It seems like the whole world is growing smaller, and that could be a problem for the agriculture industry.
A new study by the Natural Academy of Science reveals that the future of food is a little more uncertain than scientists previously thought. The study shows that in the past 50 years, much of the world has adjusted its diet to a fairly similar combination of ingredients.
The list includes “wheat, rice, maize, and potato but also more recent ones like soybean, sunflower oil and palm oil,” according to the International Center for Tropical Agriculture. “Many local crops that used to be important in Africa or Asia such as sorghum, millet, rye, sweet potato, cassava, and yam are failing to keep up.”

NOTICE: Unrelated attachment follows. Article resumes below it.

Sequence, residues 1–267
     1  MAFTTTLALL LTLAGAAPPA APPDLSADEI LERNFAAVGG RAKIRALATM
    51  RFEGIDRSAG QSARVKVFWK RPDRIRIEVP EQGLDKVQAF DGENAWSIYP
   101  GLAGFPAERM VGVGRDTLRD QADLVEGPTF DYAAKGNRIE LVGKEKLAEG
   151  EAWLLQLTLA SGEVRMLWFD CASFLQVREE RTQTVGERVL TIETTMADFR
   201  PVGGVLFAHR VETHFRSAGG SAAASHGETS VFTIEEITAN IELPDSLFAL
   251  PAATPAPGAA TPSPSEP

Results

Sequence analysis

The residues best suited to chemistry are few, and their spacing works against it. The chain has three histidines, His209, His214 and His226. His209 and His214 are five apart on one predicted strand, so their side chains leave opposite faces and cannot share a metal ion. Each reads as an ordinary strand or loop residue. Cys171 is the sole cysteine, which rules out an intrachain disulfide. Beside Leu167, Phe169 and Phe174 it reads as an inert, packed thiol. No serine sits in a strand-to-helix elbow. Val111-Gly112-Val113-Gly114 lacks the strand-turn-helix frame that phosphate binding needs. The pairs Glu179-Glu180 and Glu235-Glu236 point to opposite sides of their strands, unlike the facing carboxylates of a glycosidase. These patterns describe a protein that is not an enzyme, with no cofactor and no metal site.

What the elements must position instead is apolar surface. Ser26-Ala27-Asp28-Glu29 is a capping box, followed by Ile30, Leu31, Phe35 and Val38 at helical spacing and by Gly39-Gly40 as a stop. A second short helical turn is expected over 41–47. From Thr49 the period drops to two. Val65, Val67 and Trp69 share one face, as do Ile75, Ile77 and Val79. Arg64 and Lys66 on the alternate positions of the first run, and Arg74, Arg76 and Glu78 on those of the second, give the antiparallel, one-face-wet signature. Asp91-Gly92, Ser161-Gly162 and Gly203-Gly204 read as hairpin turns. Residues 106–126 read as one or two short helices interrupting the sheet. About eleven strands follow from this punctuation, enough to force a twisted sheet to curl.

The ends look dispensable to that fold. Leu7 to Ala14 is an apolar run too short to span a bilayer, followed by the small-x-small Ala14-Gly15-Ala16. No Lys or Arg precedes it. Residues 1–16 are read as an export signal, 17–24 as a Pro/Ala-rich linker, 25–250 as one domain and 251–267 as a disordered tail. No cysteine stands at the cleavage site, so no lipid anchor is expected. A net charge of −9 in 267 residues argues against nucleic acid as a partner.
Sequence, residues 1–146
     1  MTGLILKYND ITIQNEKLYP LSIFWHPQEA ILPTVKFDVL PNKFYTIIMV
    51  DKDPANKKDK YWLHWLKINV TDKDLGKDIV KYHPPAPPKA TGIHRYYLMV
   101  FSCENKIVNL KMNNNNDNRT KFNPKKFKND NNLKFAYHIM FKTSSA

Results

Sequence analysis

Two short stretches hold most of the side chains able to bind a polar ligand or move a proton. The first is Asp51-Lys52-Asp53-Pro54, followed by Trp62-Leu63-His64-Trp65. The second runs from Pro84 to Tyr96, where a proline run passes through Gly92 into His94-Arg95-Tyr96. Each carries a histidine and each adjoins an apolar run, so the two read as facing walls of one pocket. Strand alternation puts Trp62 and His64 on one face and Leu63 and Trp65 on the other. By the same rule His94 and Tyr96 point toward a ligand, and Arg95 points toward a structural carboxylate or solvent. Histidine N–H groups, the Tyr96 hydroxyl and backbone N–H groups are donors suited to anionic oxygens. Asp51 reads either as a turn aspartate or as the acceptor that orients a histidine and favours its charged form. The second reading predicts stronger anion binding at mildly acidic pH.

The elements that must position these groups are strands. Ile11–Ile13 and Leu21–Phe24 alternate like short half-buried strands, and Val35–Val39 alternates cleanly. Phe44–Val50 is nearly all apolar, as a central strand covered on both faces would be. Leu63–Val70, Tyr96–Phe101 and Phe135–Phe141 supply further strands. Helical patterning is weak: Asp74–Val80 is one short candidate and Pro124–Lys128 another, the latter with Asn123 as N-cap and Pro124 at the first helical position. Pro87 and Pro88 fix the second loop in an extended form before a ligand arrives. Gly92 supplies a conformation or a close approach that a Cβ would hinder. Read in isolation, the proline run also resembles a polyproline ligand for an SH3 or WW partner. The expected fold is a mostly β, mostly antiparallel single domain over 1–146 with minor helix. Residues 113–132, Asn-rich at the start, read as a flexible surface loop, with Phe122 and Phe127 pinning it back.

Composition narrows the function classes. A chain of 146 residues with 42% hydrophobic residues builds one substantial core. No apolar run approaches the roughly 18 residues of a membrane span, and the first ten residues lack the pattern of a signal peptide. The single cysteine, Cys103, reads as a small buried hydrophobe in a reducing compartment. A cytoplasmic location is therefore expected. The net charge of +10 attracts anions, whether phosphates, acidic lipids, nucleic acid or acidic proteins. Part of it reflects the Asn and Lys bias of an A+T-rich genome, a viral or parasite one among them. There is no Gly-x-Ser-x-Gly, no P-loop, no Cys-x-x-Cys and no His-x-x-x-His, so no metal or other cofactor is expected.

As the entire world comes to rely on a small group of “mega-foods,” the agricultural concern grows. Imagine a hypothetical future where some sort of disaster takes out that year’s wheat crop entirely. The world would fall into famine, because everyone depends on it.
Luigi Guarin, a member of the Global Crop Diversity Trust, tells the BBC
NPR’s The Salt proposes a return to heritage grains, utilized in new and exciting ways. Just as wheat is special by virtue of its use in breads and pies, some enterprising mind can find a use for bulgur, farro, and quinoa.
Anyone for quinoa beer?